advertisement

Saigon offers the widest array of restaurants in Vietnam, and virtually every world cuisine is represented. The area around Dong Khoi is home to many fine-dining choices; ask locals where to eat, though, and they'll point you to the outdoor stalls in places like the open market area that opens in the evening just adjacent to Ben Thanh Market, or to a small neighborhood storefront. Saigon's famous street stalls serve up local specials like mien ga (vermicelli, chicken, and mushrooms in a delicate soup), lau hai san (a tangy seafood soup with mustard greens), and, of course, pho (Vietnam's staple noodle soup, popular everywhere).

Snacks & Cafes

Local dining in the evening in the open areas around the Ben Thanh Market is the best opportunity to try real local dishes (from after 6pm until 10 or 11pm daily). These restaurants are quite clean, and most have full-size plastic chairs around large tables for those who don't jibe with squatting low at streetside. Try pho (Pho 2000 restaurant is just adjacent) or banh khoi (Vietnamese pancakes).

Also note the many riverboat restaurants at the terminus of Dong Khoi Street, near the river ferries and high-speed boats to Vung TauTau. Ben Nghe (at quay-side Ben Bach Dang; tel. 08/3823-1475) is typical of the Christmas-light-draped live stage (or loud karaoke) riverside barges with long tables shared by big groups. The seafood and big fry-ups make for a fun night.

Note: Unless otherwise specified, cafes in Ho Chi Minh City open at 8 or 9am and close, as does most of the city, at 9pm.

Quest for the Perfect Noodle

Pho, or Vietnamese noodle soup, has become a popular dish in the West, but it's a national obsession in Vietnam, eaten any time of day. The simplicity of this dish is the attraction: beef stock with rice noodles garnished as you like, with meat and herbs, all ingredients left to speak for themselves. You can eat pho on any street corner and in any market, but here are a few especially good places in Saigon with English menus and a high standard of cleanliness:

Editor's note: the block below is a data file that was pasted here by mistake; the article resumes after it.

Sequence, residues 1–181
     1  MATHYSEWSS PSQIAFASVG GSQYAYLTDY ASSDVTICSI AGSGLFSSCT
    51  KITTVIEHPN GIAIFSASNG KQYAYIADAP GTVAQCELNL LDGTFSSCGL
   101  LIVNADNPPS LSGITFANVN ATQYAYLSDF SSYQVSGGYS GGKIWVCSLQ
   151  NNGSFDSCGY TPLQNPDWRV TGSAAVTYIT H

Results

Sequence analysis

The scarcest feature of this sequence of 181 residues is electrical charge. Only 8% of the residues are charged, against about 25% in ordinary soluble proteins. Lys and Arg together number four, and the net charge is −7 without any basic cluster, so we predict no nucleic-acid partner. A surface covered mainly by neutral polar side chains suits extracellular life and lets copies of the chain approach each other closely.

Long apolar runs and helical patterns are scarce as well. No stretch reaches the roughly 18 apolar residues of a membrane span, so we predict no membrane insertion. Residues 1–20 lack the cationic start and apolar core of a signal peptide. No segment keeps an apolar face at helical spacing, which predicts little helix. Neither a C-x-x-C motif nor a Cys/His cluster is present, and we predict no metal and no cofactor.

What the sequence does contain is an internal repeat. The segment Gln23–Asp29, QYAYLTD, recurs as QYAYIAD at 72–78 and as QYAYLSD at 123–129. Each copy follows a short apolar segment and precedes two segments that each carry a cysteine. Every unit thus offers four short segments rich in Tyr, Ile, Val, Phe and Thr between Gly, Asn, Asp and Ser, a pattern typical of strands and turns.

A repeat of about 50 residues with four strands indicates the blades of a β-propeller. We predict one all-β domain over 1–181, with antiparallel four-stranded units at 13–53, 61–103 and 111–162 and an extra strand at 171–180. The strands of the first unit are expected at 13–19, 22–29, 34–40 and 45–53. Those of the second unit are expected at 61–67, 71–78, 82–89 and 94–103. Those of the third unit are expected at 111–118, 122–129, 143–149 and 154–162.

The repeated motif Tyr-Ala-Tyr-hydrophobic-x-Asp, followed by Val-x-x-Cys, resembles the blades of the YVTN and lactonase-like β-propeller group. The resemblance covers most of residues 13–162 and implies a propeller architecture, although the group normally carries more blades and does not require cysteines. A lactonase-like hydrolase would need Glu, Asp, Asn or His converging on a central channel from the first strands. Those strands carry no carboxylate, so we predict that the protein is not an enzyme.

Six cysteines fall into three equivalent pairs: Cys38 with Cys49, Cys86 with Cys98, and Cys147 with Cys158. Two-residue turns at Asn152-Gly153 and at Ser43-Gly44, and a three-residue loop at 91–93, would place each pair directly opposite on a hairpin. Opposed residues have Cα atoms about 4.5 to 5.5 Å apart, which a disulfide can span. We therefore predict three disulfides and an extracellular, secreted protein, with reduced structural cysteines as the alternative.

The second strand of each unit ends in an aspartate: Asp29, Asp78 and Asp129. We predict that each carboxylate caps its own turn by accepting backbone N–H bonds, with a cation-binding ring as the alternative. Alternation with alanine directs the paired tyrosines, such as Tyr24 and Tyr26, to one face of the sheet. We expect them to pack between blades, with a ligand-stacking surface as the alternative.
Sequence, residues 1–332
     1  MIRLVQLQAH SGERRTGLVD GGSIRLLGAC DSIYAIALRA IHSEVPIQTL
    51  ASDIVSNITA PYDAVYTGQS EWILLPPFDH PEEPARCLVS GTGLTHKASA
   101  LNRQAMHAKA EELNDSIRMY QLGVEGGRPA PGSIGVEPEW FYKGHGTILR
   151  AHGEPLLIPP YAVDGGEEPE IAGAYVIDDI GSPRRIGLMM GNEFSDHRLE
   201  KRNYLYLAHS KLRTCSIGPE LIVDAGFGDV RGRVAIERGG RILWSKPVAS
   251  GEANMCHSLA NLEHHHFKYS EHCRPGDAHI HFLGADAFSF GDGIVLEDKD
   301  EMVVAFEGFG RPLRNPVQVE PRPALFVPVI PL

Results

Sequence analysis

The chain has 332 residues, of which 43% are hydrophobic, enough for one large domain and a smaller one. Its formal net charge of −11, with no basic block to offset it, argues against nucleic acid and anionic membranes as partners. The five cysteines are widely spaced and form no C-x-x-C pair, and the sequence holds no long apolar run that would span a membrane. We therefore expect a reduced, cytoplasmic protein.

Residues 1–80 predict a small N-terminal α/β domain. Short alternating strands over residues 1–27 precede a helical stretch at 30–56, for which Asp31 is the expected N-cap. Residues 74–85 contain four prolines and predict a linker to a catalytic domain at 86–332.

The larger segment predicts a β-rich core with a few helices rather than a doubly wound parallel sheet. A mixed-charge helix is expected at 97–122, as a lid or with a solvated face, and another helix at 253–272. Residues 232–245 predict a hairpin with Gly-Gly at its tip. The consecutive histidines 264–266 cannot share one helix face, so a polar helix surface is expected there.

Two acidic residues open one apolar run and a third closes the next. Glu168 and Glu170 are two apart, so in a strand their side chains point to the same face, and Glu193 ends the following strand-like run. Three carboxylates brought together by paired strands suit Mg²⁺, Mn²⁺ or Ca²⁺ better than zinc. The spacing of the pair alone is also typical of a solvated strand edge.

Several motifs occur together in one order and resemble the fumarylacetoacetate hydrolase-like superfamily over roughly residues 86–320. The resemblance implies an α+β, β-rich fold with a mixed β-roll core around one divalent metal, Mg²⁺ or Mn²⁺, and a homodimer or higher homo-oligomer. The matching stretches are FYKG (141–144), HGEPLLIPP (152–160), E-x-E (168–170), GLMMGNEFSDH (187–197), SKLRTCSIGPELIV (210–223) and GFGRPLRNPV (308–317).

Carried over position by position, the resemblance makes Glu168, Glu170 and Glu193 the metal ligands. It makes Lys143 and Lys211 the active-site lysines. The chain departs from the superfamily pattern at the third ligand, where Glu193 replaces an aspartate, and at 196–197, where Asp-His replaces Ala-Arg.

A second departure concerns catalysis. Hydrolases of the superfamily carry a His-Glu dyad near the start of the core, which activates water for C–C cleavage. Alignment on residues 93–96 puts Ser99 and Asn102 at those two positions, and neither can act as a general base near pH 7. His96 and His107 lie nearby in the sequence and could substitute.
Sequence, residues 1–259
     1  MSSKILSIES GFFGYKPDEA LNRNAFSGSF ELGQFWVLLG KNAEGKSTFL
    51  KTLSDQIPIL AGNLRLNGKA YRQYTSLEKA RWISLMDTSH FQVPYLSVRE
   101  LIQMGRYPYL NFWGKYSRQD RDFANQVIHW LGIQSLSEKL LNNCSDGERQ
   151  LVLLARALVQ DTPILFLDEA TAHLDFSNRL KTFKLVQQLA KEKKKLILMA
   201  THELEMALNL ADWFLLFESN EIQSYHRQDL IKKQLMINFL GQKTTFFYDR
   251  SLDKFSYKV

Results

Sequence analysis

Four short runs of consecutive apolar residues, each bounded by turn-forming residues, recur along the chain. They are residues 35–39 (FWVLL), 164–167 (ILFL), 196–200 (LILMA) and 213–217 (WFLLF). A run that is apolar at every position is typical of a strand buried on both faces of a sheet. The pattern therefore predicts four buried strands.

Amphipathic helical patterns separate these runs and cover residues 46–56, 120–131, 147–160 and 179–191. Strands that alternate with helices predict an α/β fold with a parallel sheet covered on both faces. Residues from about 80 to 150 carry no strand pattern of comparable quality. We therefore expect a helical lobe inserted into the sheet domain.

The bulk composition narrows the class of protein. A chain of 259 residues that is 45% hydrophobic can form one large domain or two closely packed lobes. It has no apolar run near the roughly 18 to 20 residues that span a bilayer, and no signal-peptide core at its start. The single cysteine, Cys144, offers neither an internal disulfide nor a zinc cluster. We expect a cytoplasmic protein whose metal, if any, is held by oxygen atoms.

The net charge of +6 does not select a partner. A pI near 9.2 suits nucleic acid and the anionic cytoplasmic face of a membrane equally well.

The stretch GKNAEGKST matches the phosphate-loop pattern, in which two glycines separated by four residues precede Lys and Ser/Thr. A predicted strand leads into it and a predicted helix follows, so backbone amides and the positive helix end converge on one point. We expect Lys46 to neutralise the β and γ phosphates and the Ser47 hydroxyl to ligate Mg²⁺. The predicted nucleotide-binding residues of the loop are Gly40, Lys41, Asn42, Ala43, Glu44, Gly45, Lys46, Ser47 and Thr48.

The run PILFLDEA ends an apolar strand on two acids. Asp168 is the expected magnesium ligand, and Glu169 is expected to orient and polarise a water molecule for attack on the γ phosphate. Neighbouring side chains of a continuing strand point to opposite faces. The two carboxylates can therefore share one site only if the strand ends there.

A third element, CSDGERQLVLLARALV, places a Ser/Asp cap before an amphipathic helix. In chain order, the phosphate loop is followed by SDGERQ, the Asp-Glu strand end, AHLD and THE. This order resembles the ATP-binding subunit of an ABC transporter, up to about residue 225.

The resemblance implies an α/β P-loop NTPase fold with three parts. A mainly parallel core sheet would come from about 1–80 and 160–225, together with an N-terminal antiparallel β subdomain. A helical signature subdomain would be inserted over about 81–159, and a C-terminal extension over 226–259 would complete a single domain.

Pho 2000 -- Set on Tran Hung Dao just cater-cornered to the Binh Thanh Market, Pho 2000 is a Saigon institution and a beehive of activity day or night. Former U.S. President Bill Clinton even made a visit here, and if Bubba liked it, it must be good.

Pho 24 -- The most popular outlet of this growing Vietnam chain (they have numerous shops in Saigon and Hanoi) is on Nguyen Thiep Street, a little restaurant row off of busy Don Khoi. They serve a busy crowd all day in a cool, clean storefront. Also look for Pho 24's other shops in town: at Diamond Plaza, at 67 Hai Ba Trung, and at 89 Mac Thi St., among others.

Pho Tezuka Katsuyoshi -- On Don Khoi, across from the Grand Hotel, look for the large PHO sign and Japanese characters at 37 Don Khoi St.; inside, the place is covered in woodcarvings and serves great soups -- popular with Japanese tourists and endorsed by a sign that reads YOU DON'T LIKE IT, YOU DON'T PAY.

The Peace Noodle Shop -- Otherwise known to locals, and on the sign, as Pho Binh, this little noodle storefront at 7 Lo Chinh Thang St., in District 3, is a good place to sample some real local pho while you visit a piece of Vietnam War history.

Note: This information was accurate when it was published, but can change without notice. Please be sure to confirm all rates and details directly with the companies in question before planning your trip.